16 Days Of Activism Against GBV (II) - First Half Of 16 Ways For 16 Days

As has been explored at great length, the rate of gender-based violence (GBV) and more particularly, violence against women and intimate partner violence appear to be at their worst, in all the world’s history.

A few articles ago, centering indicators in the 2018 Botswana Relationship Study, we established that over 90% of adults who are either survivors or perpetrators of GBV or intimate partner violence grew up experiencing violence, themselves. One of the facts that we usually do not discuss violence is that it knows no social or even economic boundaries. It occurs in the developed global north at almost the same rate as in the global south.  The amount that each government spends in responding to GBV is so much, though, that it has been discovered, in some countries to be double what is spent on education. There is great need to intensely delve into the problem, through research and learning.

There is also a gap in collaborative investment in the effective prevention of violence of this sort. Most money in this area is spent in punitive measure against perpetrators, despite the seemingly increasing reports on the matter. One might argue that this is as a result of the single story, argued, by Chimamanda Ngozi Adichie, to be dangerous.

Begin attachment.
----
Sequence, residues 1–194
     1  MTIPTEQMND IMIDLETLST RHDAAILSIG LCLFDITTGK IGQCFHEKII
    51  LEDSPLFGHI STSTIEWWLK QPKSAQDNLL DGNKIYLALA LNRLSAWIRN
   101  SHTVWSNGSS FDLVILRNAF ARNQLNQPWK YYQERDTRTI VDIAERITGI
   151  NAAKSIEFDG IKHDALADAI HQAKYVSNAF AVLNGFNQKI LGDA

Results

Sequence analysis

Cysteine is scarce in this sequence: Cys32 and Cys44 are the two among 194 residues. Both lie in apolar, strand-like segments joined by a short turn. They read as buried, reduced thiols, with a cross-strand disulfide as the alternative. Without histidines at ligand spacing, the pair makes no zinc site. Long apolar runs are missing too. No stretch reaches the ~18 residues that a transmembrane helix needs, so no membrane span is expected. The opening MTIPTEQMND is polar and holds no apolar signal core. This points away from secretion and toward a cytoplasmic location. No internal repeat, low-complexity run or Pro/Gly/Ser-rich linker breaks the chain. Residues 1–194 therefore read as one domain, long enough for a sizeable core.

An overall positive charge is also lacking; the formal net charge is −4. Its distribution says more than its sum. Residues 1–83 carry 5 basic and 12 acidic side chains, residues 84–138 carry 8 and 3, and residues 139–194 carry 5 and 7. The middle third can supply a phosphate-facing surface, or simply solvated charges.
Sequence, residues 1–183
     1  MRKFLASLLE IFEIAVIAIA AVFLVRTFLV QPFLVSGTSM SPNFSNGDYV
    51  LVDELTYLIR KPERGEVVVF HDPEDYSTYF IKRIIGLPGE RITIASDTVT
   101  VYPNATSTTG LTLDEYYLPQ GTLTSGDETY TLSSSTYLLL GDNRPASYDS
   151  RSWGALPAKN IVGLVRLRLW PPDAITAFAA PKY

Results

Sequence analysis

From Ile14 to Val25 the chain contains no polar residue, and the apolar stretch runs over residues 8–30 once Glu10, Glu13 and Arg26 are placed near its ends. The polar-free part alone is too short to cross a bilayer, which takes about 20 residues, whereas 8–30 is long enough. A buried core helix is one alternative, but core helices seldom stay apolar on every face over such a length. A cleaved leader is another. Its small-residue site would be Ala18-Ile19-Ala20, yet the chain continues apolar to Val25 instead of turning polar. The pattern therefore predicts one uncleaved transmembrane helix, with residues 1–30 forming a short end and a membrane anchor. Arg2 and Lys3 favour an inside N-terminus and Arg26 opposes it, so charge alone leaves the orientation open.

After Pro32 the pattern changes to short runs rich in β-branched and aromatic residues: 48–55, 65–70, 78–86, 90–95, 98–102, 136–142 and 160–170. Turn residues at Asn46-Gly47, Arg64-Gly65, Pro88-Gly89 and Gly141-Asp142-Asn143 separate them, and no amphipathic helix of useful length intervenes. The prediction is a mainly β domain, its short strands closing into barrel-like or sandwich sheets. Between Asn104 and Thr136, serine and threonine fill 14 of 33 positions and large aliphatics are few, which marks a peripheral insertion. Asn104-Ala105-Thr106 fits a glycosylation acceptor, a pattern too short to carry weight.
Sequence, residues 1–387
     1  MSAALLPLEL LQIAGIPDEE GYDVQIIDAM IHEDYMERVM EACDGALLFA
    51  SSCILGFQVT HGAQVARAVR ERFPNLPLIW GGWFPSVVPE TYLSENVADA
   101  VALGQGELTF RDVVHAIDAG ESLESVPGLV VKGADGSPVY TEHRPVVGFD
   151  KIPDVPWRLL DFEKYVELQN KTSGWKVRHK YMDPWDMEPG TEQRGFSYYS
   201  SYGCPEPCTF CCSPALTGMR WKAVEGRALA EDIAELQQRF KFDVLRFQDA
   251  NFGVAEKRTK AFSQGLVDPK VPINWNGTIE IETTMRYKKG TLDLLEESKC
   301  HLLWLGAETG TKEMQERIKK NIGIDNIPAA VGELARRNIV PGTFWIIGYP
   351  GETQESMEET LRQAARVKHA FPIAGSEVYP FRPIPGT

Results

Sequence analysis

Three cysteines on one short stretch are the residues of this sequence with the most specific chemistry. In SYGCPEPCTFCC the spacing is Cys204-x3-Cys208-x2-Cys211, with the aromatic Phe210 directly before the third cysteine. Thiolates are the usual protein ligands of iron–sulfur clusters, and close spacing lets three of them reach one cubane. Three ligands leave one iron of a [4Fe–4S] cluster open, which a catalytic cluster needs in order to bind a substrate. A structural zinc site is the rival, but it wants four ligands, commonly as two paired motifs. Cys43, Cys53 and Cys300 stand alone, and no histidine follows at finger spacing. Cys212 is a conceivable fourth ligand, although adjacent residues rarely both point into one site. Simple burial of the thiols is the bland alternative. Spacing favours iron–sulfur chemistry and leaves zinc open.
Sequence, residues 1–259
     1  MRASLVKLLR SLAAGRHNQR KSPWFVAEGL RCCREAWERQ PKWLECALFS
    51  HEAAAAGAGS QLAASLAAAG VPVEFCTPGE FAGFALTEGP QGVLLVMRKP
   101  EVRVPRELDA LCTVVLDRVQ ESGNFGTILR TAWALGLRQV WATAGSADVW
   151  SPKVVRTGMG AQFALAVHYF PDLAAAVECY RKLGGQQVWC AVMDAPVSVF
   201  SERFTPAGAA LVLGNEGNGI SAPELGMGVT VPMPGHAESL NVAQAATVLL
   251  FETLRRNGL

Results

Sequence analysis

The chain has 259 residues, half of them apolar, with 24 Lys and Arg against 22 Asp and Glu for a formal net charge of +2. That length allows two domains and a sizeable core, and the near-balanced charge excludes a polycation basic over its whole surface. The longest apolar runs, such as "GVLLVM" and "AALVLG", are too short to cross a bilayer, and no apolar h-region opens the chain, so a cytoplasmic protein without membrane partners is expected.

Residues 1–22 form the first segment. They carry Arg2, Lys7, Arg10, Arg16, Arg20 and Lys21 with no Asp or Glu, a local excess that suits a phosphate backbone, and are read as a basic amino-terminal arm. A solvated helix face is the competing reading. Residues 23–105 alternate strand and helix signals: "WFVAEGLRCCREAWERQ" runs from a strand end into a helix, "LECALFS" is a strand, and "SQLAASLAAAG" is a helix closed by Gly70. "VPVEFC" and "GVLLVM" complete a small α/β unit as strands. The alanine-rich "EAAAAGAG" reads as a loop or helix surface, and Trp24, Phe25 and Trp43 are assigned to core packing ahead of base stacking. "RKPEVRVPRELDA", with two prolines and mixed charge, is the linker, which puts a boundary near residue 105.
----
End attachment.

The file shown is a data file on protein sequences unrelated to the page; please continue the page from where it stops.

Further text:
She proposes that, because our lives and cultures are composed of many overlapping stories, giving the same solutions for global problems risks ‘critical misunderstanding’. In the context of Botswana, we risk responding in the ways that the colonial West left for us.

In addition to the many efforts that have to be made by the State, however, this piece will explore a list of things that we, individually, can do, over the next 16 days. Building on last year’s theme, Orange the world: #HearMeToo, this year’s theme faces the growing problem of rape in the global community.

Rape is complex, not because consent is vague and unascertainable as some people might suggest; but it is complex because it is rooted in conceptions of power, patriarchy, toxic masculinity, as well as control. These perpetuate and cultivate an environment that is conducive for sexual violence. This year’s theme is “Orange the World: Generation Equality Stands Against Rape!” In 2018, 16 actions were suggested by the United Nations, for individuals to get involved in the fight against [sexual] GBV.

Having gone through the list, and realising that they remain relevant, this week we will explore four of them, which remain relevant even with the current theme. These, I dare say, are universal truths, and are necessary, for all of us.


  • Listen to survivors

At the heart of all manner of support that can be offered to a survivor, is listening to them, hearing them and believing their story. It takes great courage for an individual to share their personal experience with GBV. Every survivor deserves a listening ear, free of judgement.


  • Know the facts